Monday, November 12, 2012

The Carcass

In other trips to Yellowstone, I had heard people talking about watching wolves on a carcass, but we had never had that opportunity.  On our September trip, many park visitors experienced the wonder of bears and wolves as they fed on the carcass.  The first few days, only the grizzly bears fed.  We heard at one point there were five grizzlies on the carcass.  We passed by every day, usually stopping to spend time.  On the last day we could finally see the skull to identify it as a bison carcass.

The prime viewing spot was at my favorite overlook at Hayden Valley.  Each day there were cars lining the valley - some at better vantage points than others.  There was also an active wolf den at the north end of the valley.

I had both my scope and my Sigma 300-800mm lens focused on the activity.  The carcass was on the other side of the valley from the road - Henry used Google Earth to estimate the distance at 3/4 of a mile.  It felt farther.  The scope can get you visually closer, but I don't have a good digiscoping system set up yet.  But when you crop in on photos with the 300-800mm, you at least have some good "memory" shots of the event.

In our early years of visiting Yellowstone, we didn't have a good scope. I was always grateful when people would generously allow me to peak through their scope.  While I don't have one of the expensive scopes, I now have a decent one.  It is my pleasure to pay back those people from my past by allowing other people to look through my scope so they too can see this marvel of nature in much better detail than their eyes or binoculars allow.

Monday, October 01, 2012

Yellowstone's Pronghorn

I freely admit it - I call them antelope because I grew up with the song "Home on the Range."  But true antelopes are found in Africa.  The American antelope is really the pronghorn, Antilocapra americana. It is so truly unique it is the only member of the family Antelocapridae.  Their horns are unique.  Deer and elk have branched antlers that are shed each year.  Goats and cattle have hollow horns made from hair that are not shed.  Pronghorn have are the only animal with branched, hollow, hairlike horns that are shed annually.  Both males and females have horns, but male horns are larger and have a distinct prong.  Males also have a distinctive black marking on their face below the eye.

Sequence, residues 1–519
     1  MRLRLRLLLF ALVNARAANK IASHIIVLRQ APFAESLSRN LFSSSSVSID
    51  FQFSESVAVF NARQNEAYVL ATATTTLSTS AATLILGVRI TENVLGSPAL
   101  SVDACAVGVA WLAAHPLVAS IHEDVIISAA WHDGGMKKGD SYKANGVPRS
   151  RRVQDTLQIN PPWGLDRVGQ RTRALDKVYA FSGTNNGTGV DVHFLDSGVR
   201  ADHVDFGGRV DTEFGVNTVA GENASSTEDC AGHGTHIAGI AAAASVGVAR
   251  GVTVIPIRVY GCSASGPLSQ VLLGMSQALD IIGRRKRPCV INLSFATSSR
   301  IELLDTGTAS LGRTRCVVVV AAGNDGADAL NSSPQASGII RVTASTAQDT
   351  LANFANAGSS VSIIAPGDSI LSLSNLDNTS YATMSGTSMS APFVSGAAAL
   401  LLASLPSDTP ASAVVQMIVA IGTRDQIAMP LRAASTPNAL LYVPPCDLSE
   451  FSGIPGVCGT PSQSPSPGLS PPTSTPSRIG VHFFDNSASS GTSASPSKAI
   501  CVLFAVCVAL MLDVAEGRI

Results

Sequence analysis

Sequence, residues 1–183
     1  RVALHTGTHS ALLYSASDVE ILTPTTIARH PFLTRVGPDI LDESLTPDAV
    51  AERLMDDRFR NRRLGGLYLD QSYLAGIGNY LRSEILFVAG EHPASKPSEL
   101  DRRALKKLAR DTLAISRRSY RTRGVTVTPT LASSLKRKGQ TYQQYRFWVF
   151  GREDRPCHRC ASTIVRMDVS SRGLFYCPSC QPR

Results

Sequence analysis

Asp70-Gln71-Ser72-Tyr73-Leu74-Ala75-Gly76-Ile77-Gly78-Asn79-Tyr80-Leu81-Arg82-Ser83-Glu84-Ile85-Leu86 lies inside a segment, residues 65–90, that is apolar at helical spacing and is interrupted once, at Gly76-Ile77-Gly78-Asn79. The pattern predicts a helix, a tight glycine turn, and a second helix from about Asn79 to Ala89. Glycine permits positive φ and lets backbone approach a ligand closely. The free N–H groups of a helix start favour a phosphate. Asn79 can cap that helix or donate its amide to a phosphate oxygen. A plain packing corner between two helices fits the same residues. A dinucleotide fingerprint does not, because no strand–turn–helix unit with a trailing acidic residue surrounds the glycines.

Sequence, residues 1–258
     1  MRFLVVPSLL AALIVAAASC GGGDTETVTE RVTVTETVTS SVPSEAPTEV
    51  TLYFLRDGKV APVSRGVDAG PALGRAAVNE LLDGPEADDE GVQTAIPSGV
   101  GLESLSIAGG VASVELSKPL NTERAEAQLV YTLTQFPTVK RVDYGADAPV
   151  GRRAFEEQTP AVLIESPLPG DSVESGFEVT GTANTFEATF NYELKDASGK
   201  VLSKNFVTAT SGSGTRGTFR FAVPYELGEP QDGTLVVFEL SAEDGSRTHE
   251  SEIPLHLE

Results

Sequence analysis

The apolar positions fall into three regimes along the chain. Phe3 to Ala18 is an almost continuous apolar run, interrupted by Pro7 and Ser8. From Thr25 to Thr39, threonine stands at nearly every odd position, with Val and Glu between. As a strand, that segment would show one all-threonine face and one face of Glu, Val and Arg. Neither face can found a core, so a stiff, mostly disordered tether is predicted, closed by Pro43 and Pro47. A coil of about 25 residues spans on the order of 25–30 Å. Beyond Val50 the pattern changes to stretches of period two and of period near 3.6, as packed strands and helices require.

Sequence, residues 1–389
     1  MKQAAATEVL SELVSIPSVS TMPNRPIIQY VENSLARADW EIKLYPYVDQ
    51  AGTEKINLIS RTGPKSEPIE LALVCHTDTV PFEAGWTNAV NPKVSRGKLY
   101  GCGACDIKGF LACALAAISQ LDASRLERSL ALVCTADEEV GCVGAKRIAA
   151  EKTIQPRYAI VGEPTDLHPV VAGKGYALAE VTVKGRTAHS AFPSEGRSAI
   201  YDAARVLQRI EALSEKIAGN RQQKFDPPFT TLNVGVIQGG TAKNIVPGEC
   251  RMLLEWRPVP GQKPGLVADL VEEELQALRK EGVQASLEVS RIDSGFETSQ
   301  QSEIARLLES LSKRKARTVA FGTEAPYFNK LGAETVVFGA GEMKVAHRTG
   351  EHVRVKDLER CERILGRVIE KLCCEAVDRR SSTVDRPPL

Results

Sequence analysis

Running up to 60 miles per hour, it is the second fastest mammal in the world. It can sustain 30 miles per hour for miles. Only the cheetah is faster and the cheetah cannot sustain its speed as long as the pronghorn.

Pronghorns prosper in dry environments.  Pronghorn are found on the Great Plains from Texas north to North Dakota and in the high desert sage found in New Mexico, Arizona, Nevada, Utah, Colorado, Wyoming and Montana.  They eat forbs (non woody flowering plants) and sagebrush with grass making up only a very small portion of their diet.  In Yellowstone, they are frequently seen in the sagebrush in the Lamar Valley.

On our travels we have seen them regularly in northern New Mexico along highway 84/87 east of Raton, New Mexico and along I-25 in Northern New Mexico and southern Colorado. We've also seen them in other sage brush areas of Colorado.   They are common in the Texas Panhandle. I've seen them regularly near Vega and Borger.  They can also been seen in Texas near Alpine and Marfa.

Unlike deer, pronghorn do not jump fences. With the older style barbed wire fences, pronghorn literally run through them or go under the last wire.  Woven wire fencing is a true obstacle.

Pronghorn can raise the hair on their white rumps as a signal of danger.  This is a signal to the herd that danger is near.

The rut for pronghorn occurs in late summer and early fall.  Fawns are born in the spring, usually in pairs. They can walk within an hour of birth and by the fourth day can outrun a man. Pronghorn fawns are odorless as protection from predators such as coyotes and golden eagles. 

While not all pronghorn migrate, Wyoming pronghorns travel 150 miles between Wyoming's Upper Green River Basin and Grand Teton National Park.  They move away from areas with deep winter snow.  The only land mammal that migrates farther distances in North America is the caribou.